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Reviewed 2/3/2023




Physical therapists (PTs) are experts in movement. They can help people reach their fitness goals and maintain independent, active lives. How much do you know about the many ways PTs can help you?


True or false? PTs mostly treat people who are recovering from orthopedic surgery.

False. Orthopedic care is only one part of physical therapy. PTs may also help with a wide range of other issues, such as:

  • Chronic pain.
  • Developmental disabilities.
  • Heart or lung problems.
  • Cancer and lymphedema.
  • Neurological issues, like multiple sclerosis.
  • Pelvic pain.
  • Urinary incontinence.
  • Wounds.

True or false? Increasing the use of physical therapy could help alleviate the opioid epidemic.

True. The Centers for Disease Control and Prevention says physical therapy can be a safe and effective alternative to opioids for chronic pain. Opioids come with the risk of addiction and overdose.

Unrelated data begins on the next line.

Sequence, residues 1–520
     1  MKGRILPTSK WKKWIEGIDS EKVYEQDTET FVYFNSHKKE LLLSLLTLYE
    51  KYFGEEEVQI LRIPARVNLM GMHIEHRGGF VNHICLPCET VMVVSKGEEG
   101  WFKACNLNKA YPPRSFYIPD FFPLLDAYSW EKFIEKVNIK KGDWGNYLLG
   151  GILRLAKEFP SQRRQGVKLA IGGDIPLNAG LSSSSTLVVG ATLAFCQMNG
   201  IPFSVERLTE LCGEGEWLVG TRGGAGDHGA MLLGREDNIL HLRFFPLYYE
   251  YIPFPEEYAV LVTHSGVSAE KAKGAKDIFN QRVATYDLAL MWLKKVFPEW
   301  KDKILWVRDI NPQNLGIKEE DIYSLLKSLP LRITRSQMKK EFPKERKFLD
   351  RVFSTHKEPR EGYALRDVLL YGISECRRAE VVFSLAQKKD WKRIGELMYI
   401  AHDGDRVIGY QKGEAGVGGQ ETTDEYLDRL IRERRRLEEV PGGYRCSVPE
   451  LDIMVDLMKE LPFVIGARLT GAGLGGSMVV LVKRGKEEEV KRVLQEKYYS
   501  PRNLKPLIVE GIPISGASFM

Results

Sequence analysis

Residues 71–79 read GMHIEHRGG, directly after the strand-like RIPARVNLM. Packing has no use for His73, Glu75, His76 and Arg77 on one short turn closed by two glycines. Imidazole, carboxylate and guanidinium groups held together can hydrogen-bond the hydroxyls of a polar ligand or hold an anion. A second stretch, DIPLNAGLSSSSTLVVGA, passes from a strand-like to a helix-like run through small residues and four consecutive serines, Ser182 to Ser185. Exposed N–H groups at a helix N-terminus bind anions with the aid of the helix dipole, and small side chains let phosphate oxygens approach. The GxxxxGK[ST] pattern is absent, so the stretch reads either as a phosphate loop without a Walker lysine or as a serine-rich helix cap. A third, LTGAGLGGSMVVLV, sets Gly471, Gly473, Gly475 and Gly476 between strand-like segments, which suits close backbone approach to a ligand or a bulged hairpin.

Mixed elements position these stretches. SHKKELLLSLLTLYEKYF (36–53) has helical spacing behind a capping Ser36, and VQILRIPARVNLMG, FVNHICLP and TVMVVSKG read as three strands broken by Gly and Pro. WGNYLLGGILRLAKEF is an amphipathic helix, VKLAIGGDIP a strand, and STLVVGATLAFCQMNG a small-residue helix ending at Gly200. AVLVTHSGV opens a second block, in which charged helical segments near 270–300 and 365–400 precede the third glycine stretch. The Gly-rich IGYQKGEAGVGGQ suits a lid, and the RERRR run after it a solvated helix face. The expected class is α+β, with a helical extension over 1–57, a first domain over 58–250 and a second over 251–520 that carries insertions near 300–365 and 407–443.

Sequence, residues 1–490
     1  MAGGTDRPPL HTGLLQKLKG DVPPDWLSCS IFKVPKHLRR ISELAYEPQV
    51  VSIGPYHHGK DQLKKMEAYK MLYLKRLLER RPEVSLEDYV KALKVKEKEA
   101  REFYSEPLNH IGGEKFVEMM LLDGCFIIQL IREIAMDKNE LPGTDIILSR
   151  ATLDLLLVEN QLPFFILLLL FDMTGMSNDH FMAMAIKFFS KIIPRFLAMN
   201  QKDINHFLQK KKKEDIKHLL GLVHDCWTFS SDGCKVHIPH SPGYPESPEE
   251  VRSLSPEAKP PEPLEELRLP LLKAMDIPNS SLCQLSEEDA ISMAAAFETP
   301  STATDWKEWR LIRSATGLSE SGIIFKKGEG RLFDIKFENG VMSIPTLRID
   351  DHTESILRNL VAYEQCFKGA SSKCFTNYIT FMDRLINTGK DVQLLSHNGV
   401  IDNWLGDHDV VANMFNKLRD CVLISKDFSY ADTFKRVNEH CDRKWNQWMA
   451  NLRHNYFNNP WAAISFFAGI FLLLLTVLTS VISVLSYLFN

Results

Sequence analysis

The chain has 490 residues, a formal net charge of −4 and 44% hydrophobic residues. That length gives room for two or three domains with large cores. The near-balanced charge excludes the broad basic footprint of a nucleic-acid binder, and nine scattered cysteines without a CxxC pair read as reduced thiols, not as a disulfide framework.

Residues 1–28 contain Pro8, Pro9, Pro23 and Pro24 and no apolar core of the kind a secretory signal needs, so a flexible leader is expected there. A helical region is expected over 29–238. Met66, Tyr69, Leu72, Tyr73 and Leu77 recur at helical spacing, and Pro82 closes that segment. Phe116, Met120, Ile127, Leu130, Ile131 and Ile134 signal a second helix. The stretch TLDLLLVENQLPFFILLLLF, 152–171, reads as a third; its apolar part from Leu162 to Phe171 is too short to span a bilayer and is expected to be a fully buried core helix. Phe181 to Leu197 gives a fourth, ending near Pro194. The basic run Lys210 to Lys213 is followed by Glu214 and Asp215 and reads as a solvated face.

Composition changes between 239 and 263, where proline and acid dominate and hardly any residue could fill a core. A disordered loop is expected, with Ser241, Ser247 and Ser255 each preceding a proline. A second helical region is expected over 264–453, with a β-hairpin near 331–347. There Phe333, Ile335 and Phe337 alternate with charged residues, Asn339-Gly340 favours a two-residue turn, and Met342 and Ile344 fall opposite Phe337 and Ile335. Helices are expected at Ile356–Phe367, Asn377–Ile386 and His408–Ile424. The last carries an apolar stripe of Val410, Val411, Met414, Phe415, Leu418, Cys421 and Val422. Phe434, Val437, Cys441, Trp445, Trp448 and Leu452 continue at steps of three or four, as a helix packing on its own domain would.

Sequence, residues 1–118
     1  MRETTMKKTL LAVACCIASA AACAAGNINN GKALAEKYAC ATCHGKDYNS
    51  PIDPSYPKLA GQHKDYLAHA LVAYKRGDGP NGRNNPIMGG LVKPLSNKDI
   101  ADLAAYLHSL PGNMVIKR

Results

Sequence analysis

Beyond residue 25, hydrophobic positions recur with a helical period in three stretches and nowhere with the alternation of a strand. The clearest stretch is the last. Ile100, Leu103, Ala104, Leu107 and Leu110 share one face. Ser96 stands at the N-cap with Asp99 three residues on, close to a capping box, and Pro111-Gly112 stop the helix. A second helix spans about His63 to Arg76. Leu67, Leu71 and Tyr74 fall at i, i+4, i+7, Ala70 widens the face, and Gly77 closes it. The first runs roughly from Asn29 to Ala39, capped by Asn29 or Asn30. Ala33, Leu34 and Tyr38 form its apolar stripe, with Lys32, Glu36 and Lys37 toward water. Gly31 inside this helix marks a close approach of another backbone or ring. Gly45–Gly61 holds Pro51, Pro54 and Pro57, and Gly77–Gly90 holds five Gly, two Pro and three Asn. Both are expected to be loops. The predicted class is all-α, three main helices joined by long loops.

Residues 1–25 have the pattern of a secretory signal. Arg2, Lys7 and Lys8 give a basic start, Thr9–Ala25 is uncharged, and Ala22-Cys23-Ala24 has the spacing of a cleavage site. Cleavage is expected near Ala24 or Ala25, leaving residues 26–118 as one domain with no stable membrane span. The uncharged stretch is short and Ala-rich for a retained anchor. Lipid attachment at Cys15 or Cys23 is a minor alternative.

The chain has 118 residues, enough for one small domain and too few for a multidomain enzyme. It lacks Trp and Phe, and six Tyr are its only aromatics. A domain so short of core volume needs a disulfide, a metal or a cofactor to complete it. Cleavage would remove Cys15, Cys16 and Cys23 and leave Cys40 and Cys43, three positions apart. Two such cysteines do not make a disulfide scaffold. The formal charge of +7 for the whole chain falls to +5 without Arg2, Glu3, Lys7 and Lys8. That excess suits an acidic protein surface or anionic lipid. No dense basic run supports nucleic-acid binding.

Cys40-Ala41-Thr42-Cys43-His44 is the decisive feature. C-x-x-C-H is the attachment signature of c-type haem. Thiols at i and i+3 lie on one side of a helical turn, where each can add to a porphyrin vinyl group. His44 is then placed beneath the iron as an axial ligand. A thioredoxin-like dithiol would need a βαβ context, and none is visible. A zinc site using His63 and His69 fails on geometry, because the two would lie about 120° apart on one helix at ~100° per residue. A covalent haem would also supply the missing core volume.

True or false? Your doctor might refer you to a PT to help you avoid surgery.

True. Physical therapy has been found to work just as well as surgery for some conditions. These include:

  • Knee osteoarthritis.
  • Rotator cuff tears in the shoulder.
  • Spinal stenosis.
  • Degenerative disk disease.

True or false? PTs work almost exclusively in hospitals.

False. Many do work in hospitals. But you can also find PTs providing care in:

  • Outpatient clinics.
  • Homes.
  • Schools.
  • Sports and fitness clubs.
  • Workplaces.
  • Nursing homes.

True or false? Physical therapy can include many types of treatment.

True. PTs may use a variety of techniques depending on your health needs. Examples include hands-on manipulation, patient education, working with exercise equipment, stretching maneuvers, dry needling, exercise and aquatic therapy.

Occupational therapy can also be helpful for many people. Test your knowledge of occupational therapy by taking this quiz.


Sources: American Physical Therapy Association; Centers for Disease Control and Prevention; U.S. Bureau of Labor Statistics

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The information found in the Health Library is for educational purposes only. It is not intended nor implied to be a substitute for professional medical advice nor does it represent the views or position of WHMC. Readers should always consult with their healthcare provider for diagnosis and treatment, including for specific medical needs.